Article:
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U.S., Israel share strategic goals

As Obama and Netanyahu meet in Washington, the two sides agree on key points of Middle East diplomacy.

May 18, 2009|Dore Gold | Dore Gold heads the Jerusalem Center for Public Affairs. He served as Israel's ambassador to the United Nations from 1997 to 1999, during Prime Minister Benjamin Netanyahu's first term.

If you've read the commentary in the media about today's summit meeting between Israeli Prime Minister Benjamin Netanyahu and President Obama, you are no doubt expecting a tense encounter between two leaders with fundamentally divergent views of what needs to be done in the Middle East. But the truth is that much of this analysis is mistaken because it overstates the purported differences and underestimates the fundamental strategic interests that both countries still very much share.

Anyone familiar with the region today can see that, more than at any previous time, the United States and Israel share a number of strategic goals, given the serious dangers that are spreading across the entire region: Pakistan's deterioration, Iran's accelerating nuclear progress and the continuing activities of such radical Islamist groups as Hezbollah in Lebanon, Iraq and even, recently, in Egypt. The region is not quite in a state of meltdown, but the signs of destabilization are evident, requiring more coordination and cooperation between these two historic allies.

Take, for example, the issue of Iran. The Obama administration has declared that it is launching a new policy of "engagement" with the Islamic republic. But regardless of whether high-level U.S.-Iranian negotiations eventually ensue, Obama also has stated repeatedly that the acquisition of nuclear weapons by Iran would be a "game changer" that must be opposed. What is ultimately most important is that both the U.S. and Israel share the fundamental strategic goal of halting Iran's program to develop nuclear weapons.

The issue of Iran also has raised the question of whether there should be any "linkage" between the resolution of the Palestinian issue and the struggle against a nuclear Iran. Israeli officials imply a connection between the two when they note that a nuclear Iran would undercut any future peace settlement by emboldening its surrogates (such as Hamas and Hezbollah) across the Middle East. In Washington, some have suggested a policy of overt linkage; they say that the emergence of a coalition effort against Iran can occur only if Israel advances on the Palestinian issue first.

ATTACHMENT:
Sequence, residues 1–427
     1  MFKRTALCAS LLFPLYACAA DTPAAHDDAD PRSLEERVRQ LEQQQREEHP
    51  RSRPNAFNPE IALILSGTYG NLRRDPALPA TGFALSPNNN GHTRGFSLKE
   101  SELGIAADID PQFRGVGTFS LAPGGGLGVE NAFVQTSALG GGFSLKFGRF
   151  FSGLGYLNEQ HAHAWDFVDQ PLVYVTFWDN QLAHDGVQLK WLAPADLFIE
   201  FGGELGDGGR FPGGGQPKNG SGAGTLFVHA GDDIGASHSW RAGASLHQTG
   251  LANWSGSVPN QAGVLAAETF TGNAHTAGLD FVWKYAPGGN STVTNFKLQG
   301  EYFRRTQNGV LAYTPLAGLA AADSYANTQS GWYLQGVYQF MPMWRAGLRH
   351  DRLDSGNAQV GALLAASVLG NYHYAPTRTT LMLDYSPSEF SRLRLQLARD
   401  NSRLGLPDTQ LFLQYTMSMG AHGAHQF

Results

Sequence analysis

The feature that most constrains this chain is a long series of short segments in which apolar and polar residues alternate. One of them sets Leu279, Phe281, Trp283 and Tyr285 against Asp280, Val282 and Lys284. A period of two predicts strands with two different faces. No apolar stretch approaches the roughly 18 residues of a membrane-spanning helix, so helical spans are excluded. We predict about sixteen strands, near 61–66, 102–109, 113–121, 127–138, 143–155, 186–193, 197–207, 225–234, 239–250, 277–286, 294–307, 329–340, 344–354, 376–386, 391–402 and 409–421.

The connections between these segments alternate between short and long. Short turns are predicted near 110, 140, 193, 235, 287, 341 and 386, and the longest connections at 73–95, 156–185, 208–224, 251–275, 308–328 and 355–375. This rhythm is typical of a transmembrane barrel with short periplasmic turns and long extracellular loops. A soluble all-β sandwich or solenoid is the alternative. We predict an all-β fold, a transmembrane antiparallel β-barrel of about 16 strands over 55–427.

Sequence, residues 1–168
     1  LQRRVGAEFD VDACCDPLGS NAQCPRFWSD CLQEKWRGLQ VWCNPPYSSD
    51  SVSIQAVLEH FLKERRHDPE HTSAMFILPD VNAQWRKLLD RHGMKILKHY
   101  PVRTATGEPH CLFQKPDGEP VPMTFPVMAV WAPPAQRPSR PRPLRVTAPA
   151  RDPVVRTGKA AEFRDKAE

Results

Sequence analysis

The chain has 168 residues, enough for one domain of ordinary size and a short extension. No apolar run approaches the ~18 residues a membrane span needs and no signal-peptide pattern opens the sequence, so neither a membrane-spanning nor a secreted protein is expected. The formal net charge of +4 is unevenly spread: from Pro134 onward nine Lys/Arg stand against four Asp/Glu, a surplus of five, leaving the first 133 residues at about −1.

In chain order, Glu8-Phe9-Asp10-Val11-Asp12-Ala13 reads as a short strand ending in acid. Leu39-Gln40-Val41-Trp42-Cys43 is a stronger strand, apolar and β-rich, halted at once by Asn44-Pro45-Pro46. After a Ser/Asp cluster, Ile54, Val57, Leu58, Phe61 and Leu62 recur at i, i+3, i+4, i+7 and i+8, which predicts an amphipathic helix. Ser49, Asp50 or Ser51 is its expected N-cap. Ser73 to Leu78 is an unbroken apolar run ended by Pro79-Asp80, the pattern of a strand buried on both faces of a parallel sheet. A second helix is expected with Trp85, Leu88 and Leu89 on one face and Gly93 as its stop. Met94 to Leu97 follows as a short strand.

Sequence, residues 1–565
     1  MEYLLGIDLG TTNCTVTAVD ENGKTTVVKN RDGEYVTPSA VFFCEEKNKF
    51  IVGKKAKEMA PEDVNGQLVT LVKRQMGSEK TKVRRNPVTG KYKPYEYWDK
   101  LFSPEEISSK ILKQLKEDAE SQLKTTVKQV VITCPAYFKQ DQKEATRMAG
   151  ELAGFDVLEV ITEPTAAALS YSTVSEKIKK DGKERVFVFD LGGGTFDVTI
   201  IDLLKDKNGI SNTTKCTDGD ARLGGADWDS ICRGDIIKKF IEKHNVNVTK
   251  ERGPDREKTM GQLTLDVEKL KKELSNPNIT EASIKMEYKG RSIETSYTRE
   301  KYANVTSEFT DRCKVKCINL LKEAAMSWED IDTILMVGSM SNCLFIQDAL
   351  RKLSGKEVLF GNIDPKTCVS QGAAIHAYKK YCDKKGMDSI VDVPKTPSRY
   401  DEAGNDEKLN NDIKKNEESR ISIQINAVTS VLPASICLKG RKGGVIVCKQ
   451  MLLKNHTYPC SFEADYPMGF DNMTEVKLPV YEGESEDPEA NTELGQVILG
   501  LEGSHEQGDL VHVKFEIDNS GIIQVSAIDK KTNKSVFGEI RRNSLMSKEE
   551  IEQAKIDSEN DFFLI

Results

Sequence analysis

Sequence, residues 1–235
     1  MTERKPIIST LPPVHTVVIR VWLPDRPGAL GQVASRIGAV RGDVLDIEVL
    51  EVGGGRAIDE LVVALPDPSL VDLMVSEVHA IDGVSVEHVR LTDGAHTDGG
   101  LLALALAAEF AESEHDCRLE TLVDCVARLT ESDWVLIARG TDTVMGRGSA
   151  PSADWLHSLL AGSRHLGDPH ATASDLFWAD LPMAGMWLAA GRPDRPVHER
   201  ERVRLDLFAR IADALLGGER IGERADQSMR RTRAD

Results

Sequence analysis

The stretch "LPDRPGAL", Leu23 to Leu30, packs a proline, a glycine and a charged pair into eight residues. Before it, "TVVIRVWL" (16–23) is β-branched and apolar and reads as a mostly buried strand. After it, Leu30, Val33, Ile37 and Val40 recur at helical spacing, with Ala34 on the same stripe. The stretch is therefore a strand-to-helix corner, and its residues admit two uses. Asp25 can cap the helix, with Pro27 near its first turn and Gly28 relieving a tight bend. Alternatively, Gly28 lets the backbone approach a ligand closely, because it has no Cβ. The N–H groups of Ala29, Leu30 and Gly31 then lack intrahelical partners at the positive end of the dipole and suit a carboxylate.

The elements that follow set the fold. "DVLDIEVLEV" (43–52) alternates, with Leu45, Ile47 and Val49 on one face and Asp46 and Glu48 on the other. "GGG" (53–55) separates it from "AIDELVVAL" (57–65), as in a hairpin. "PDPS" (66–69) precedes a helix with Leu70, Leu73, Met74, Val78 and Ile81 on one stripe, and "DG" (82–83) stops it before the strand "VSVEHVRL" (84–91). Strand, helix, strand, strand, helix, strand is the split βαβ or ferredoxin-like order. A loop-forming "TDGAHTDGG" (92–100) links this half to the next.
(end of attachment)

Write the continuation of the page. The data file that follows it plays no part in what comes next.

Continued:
But the Obama administration is already finding that even Arab leaders in the region want movement on the Iranian issue quickly. Just last week, Jeffrey D. Feltman, the acting assistant secretary of State for Near Eastern affairs, told the Senate Foreign Relations Committee that fears about Iran have become "the key development" across the Middle East: "When you traveled around the [Middle East] five, six, seven years ago, almost everywhere you went, the first thing that came up was the Israeli-Palestinian conflict," he said. Feltman then added: "When you travel around today, what you are going to hear about is Iran."

What about the "two-state solution," which the Obama administration has said it supports? Will that be an enormous sticking point?

The reality is that although Netanyahu has not embraced this formula, he has stated that Israel does not want to rule over the Palestinians of the West Bank and Gaza Strip. He has added that he wants the Palestinians to have all the power necessary to rule themselves, but none of the power to undermine the security of Israel. What that means is that if a Palestinian state were to arise, it would have to be demilitarized and could not sign defense pacts with, say, Iran, allowing it to receive a contingent of Iranian Revolutionary Guards (as Lebanon did in 1982). Instead of waiting for such a situation to arise, Netanyahu is addressing this issue up front.

On this point there have not been major differences between Jerusalem and Washington in the past. The U.S. has always understood that Israel has real security concerns in any future peace settlement over the disputed West Bank and the Gaza Strip. President George W. Bush came out for a Palestinian state in 2002, but in an April 14, 2004, letter to Prime Minister Ariel Sharon, the U.S. clarified that Israel was not expected to fully withdraw to the pre-1967 lines in the future but rather had a right to "defensible borders" so that it could "defend itself, by itself."

The letter also backed Israeli control of the West Bank's airspace, pending an agreement on any alternative. After all, the West Bank is only 5.9 miles from Ben-Gurion International Airport.

Bush's letter to Sharon was approved by overwhelming bipartisan majorities of the U.S. House of Representatives (407 to 9) and the U.S. Senate (95 to 3) in June 2004. In fact, President Obama adopted the language of "defensible borders" for Israel when he was a candidate, during his June 4, 2008, address to the American Israel Public Affairs Committee. In short, regardless of its public positions on the matter, the U.S. has acknowledged that Israel would be within its rights to seek certain limitations on any future Palestinian state in order to protect its security.

The U.S. and Israel, like any other close allies, bring to their relationship their own unique perceptions that should not be papered over. Both countries are led by new governments, each with its own predispositions. Nonetheless, the reality on the ground is likely to create a convergence in the policies of the two governments, as long as they pursue the strategic goals that they both have begun to outline and that they clearly share.

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